Friday, August 17, 2007

I have to learn a new language!

Wednesday, August 15th, 2007
Doyles to Rocky Harbour, Newfoundland

206.3 miles
Heavy overcast and rainy

Nasty day for a drive, but even so, this is one beautiful countryside! Miles and miles of hills and mountains, way more mountainous than the other Maritime Provinces, heavily forested, with lots of fast moving creeks and rivers.

I had to laugh – 50 years behind the times? The few homes I was seeing all had at least one satellite dish!

The roads are in good repair for the most part, a treat, and they have well labeled ‘bump’ signs, as opposed to those in Nova Scotia which are right at the bump, offering no warning!

And my Sirius radio is still working, which is a pleasant surprise!

I found myself thinking the trees were considerably smaller than on the other islands, then I began to see more and more areas that had been clear-cut. So apparently what I’ve been seeing is new growth. Interesting though, because there was a great mix of trees, so it doesn’t appear to have been re-planted by the lumber companies. Plus, they seem to cut the trees at a younger age, because the trucks were hauling small diameter logs.

This may seem like more information than you would expect to see from me – for the first hundred miles or so, that’s pretty much there was to see. Most of it comes from the fact that my cousin Norm, on Vancouver Island, was a forester, so I learned a lot of the business from him.

It seems the intent of the road builders is to keep traffic away from any towns, so the drive was peaceful and green, and up on a large plateau followed the course of a river, hence was simply gorgeous! But with only trees to look at, I decided to take a little side trip to see the town some of the small billboards had been advertising – Stephenville.

Clever signage – probably inexpensive for the town as each sign saying Stephenville was, say 28 km away, the bottom of each sign advertised a business, from restaurants to car repairs to beauty shops.

There is obviously a major wind tunnel thru here – the trees are all bent, and none of the homes near the water have windows on the ocean side! Makes me wonder why they even build there!!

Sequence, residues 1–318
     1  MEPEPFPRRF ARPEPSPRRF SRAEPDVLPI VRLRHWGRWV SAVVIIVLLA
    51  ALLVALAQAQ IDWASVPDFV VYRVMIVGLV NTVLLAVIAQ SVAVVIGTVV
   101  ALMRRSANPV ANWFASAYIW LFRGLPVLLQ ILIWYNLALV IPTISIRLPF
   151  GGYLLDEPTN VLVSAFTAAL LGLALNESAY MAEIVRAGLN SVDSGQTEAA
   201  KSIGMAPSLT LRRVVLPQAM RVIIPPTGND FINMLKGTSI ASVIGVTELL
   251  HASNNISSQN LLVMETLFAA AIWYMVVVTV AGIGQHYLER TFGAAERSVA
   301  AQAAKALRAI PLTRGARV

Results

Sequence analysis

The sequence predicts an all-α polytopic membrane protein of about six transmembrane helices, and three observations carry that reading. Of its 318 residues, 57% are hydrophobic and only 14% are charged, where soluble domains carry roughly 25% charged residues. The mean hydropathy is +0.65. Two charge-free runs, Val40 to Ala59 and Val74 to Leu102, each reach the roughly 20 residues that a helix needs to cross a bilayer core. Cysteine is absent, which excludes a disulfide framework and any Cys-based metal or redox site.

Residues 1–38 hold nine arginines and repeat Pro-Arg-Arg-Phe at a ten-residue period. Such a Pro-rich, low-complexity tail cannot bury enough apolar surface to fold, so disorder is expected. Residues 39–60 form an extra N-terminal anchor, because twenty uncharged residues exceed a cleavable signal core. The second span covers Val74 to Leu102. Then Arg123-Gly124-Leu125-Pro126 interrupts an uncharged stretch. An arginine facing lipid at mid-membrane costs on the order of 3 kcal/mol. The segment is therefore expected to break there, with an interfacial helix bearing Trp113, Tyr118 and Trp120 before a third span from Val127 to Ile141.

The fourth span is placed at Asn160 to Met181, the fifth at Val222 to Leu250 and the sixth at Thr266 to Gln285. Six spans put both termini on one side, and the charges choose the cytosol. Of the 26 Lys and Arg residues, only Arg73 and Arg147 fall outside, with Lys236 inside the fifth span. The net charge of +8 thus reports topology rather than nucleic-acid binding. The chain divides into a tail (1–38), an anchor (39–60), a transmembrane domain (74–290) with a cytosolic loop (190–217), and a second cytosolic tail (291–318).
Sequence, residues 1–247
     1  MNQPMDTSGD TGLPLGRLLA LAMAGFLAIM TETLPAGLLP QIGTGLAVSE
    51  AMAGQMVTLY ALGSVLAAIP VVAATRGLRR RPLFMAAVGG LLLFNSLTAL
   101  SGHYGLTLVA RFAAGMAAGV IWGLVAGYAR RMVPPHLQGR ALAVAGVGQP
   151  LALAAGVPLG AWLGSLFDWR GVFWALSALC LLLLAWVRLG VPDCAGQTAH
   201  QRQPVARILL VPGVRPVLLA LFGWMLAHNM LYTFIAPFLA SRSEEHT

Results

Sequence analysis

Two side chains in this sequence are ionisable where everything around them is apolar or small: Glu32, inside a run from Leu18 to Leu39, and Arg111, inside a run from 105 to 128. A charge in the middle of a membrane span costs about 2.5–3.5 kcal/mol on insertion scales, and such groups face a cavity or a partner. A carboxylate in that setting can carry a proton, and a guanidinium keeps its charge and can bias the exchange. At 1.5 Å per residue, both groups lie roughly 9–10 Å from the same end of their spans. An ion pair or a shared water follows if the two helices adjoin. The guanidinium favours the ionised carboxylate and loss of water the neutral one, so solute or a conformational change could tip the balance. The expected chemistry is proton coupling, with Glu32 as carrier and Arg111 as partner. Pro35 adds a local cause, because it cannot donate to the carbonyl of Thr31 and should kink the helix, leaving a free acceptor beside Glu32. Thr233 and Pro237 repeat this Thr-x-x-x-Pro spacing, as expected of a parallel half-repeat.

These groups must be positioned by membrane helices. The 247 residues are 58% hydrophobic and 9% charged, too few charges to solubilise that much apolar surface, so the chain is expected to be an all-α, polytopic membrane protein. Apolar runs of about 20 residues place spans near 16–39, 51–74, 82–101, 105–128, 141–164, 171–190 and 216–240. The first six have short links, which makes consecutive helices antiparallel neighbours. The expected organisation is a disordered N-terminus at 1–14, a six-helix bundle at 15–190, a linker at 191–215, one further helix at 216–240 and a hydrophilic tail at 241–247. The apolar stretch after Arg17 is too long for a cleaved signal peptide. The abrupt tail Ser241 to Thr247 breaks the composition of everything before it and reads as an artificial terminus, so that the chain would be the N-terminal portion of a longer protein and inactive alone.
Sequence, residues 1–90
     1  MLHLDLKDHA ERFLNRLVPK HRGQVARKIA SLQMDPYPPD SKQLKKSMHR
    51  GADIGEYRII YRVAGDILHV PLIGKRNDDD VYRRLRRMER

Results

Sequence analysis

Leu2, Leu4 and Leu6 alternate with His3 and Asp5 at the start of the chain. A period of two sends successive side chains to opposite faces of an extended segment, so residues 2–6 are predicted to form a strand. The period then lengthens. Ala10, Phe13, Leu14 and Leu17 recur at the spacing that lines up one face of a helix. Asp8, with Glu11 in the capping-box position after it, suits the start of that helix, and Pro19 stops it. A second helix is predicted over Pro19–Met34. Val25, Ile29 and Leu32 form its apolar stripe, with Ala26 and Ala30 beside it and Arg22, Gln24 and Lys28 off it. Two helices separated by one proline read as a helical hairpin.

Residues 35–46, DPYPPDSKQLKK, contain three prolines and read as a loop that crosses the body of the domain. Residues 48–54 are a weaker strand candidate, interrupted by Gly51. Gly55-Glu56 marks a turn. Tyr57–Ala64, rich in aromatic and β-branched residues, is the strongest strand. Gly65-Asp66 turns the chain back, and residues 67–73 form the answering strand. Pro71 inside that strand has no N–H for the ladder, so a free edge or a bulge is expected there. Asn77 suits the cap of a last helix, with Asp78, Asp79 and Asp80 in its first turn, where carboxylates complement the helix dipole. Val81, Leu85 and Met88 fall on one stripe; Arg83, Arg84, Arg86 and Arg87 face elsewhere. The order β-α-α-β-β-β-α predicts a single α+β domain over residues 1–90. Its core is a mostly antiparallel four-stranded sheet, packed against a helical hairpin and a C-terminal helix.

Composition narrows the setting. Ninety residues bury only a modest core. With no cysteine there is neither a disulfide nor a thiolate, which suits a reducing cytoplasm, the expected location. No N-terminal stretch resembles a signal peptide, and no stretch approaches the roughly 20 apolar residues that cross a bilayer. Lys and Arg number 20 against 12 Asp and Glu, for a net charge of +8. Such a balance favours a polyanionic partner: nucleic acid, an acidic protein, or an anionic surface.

The town took me very much by surprise. There is a large, very modern hospital on the outskirts of town, with a very attractive retirement home across the street. So much for everything being 50 years behind times! There is a good sized airport there, with the landing pattern bringing you in over the ocean, with the planes touching down right past the roadway! And then there’s a large shopping center with all the big names – Wal-Mart, Staples, all the fast food, etc.

Passed by Marble Mountain, a big ski resort with all the associated businesses, for all seasons. Looks like a very prosperous area. And certainly more current than I had been led to expect!

The Deer Lake area is stunningly beautiful. Lots of sporting activities. The first farming I have seen, with roadside stands offering fresh produce and raspberries! And the area is wild with wild flowers, so I has happy!!

The road off the main highway leading to my destination for the next couple days was up and down and curvy and spectacular. Oh, how I wish the sun had been shining – that’s the only thing that could have made that drive any better. What a gorgeous place!!

NewfundLAND has many claims to fame to its credit – they were the first to respond to the Titanic’s distress signal, the first to vaccinate for smallpox, the first to host a transatlantic flight, the first to have wireless communication in the world, the first place to discover proof of the theory of continental drift!

They have the oldest street in North America, the oldest city it North America, the oldest rock in the world (huh?) (actually other Canadians call NewfundLAND ‘the Rock’), the oldest continuous sporting event in Regatta Day, the largest university in the North Atlantic, the most pubs per square foot in Canada on George Street in Saint John’s, the longest running radio program in North America, and some poor soul caught the largest invertebrate in the world – a giant squid!

They also claim to be the funniest people in Canada (ask anybody), the sexiest people in Canada according to Macleans magazine, the only province that has four identifiable flags, the only province able to land the space shuttle (in Stepenville – no wonder I was so impressed with the airport!), the most giving people in Canada according to government statistics, and the most sexually active people in all of Canada (as they say, what else are they gonna do?)!

A Newfie built the world’s first artificial ice arena, invented the gas mask, was a governor or Norther Rhodesia, and was with Abraham Lincoln at Gettysburg!

Gros Morne RV / Campground & Restaurant
Rocky Harbour, Newfoundland  A0K 4N0

We found a New Land

Tuesday, August 14th, 2007
North Sydney, Nova Scotia to Doyles, Newfoundland

29.6 miles (NOT!)
Cloudy, rainy, windy

Headed out early, after unhooking in a drizzle, to get to the ferry terminal by 7:30 am for the seven hour ride to Newfoundland. Not Newfundland, mind you, as I’ve always said it, but NewfundLAND! They speak a different language in this place, and that’s for sure!

I had considered renting a car and driving over for a few days, rather than bringing the coach, but after careful study, plus the fact there wasn’t a rental car to be had anywhere, I decided to go ahead and take the ferry. Overall, me thinks it will be cheaper in the long run. The RV parks are inexpensive, and the hotel rooms are pricey!